See also: Reference ranges for blood tests
The complete blood count is interpreted by comparing the output to reference ranges, which represent the results found in 95% of apparently healthy people. Based on a statistical normal distribution, the tested samples' ranges vary with gender and age. On average, adult females have lower hemoglobin, hematocrit, and red blood cell count values than males; the difference lessens, but is still present, after menopause.
The blood of newborn babies is very different from that of older children, which is different again from the blood of adults. Newborns' hemoglobin, hematocrit, and red blood cell count are extremely high to compensate for low oxygen levels in the womb, and a high proportion of fetal hemoglobin, which is less effective at delivering oxygen to tissues than mature forms of hemoglobin, inside their red blood cells. The MCV is also increased, and the white blood cell count is elevated with a preponderance of neutrophils. The red blood cell count and related values begin to decline shortly after birth, reaching their lowest point at about two months of age and increasing thereafter. The red blood cells of older infants and children are smaller, with a lower MCH, than those of adults. In the pediatric white blood cell differential, lymphocytes often outnumber neutrophils, while in adults neutrophils predominate.
Other differences between populations may affect the reference ranges: for example, people living at higher altitudes have higher hemoglobin, hematocrit, and RBC results, and people of African heritage have lower white blood cell counts on average. The type of analyzer used to run the CBC affects the reference ranges as well. Reference ranges are therefore established by individual laboratories based on their own patient populations and equipment.
Some medical conditions or problems with the blood sample may produce inaccurate results. If the sample is visibly clotted, which can be caused by poor phlebotomy technique, it is unsuitable for testing, because the platelet count will be falsely decreased and other results may be abnormal. Samples stored at room temperature for several hours may give falsely high readings for MCV, because red blood cells swell as they absorb water from the plasma; and platelet and white blood cell differential results may be inaccurate in aged specimens, as the cells degrade over time.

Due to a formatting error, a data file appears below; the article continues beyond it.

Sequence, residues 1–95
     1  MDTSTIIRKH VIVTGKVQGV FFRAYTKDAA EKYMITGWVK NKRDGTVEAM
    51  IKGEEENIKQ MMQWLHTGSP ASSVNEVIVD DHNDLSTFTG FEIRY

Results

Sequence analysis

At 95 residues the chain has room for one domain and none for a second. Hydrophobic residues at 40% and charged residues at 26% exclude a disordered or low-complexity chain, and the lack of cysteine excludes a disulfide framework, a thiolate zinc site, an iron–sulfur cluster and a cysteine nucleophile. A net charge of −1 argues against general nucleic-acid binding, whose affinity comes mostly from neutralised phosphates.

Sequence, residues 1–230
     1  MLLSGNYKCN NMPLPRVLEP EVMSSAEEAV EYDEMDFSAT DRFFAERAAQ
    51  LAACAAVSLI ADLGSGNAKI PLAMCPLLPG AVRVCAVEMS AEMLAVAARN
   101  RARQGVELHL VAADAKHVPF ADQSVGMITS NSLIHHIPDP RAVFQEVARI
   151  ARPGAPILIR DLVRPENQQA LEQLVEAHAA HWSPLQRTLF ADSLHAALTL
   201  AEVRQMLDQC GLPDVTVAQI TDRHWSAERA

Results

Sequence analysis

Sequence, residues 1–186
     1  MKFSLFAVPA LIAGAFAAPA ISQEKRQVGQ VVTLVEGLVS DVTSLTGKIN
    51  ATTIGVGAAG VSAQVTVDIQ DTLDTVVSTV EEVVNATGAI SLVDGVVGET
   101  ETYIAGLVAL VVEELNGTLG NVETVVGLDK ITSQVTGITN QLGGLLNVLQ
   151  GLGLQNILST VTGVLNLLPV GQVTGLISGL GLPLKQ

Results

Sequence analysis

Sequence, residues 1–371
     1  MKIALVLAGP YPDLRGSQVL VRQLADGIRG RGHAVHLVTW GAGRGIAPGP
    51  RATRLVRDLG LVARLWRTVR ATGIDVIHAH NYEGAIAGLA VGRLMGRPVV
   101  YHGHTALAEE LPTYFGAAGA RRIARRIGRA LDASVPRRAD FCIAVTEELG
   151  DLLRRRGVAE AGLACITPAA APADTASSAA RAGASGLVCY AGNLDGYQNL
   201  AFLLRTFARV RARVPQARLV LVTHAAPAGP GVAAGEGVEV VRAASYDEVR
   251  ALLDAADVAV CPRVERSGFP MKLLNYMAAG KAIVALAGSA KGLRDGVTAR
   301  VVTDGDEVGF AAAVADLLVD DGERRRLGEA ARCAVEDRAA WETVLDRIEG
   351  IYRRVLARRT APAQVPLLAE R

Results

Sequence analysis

Samples drawn from individuals with very high levels of bilirubin or lipids in their plasma (referred to as an icteric sample or a lipemic sample, respectively) may show falsely high readings for hemoglobin, because these substances change the colour and opacity of the sample, which interferes with hemoglobin measurement. This effect can be mitigated by replacing the plasma with saline.
Some individuals produce an antibody that causes their platelets to form clumps when their blood is drawn into tubes containing EDTA, the anticoagulant typically used to collect CBC samples. Platelet clumps may be counted as single platelets by automated analyzers, leading to a falsely decreased platelet count. This can be avoided by using an alternative anticoagulant such as sodium citrate or heparin.
Another antibody-mediated condition that can affect complete blood count results is red blood cell agglutination. This phenomenon causes red blood cells to clump together because of antibodies bound to the cell surface. Red blood cell aggregates are counted as single cells by the analyzer, leading to a markedly decreased red blood cell count and hematocrit, and markedly elevated MCV and MCHC. Often, these antibodies are only active at room temperature (in which case they are called cold agglutinins), and the agglutination can be reversed by heating the sample to 37 °C (99 °F). Samples from people with warm autoimmune hemolytic anemia may exhibit red cell agglutination that does not resolve on warming.
While blast and lymphoma cells can be identified in the manual differential, microscopic examination cannot reliably determine the cells' hematopoietic lineage. This information is often necessary for diagnosing blood cancers. After abnormal cells are identified, additional techniques such as immunophenotyping by flow cytometry can be used to identify markers that provide additional information about the cells.
Before automated cell counters were introduced, complete blood count tests were performed manually: white and red blood cells and platelets were counted using microscopes. The first person to publish microscopic observations of blood cells was Antonie van Leeuwenhoek, who reported on the appearance of red cells in a 1674 letter to the Proceedings of the Royal Society of London.Jan Swammerdam had described red blood cells some years earlier, but did not publish his findings at the time. Throughout the 18th and 19th centuries, improvements in microscope technology such as achromatic lenses allowed white blood cells and platelets to be counted in unstained samples.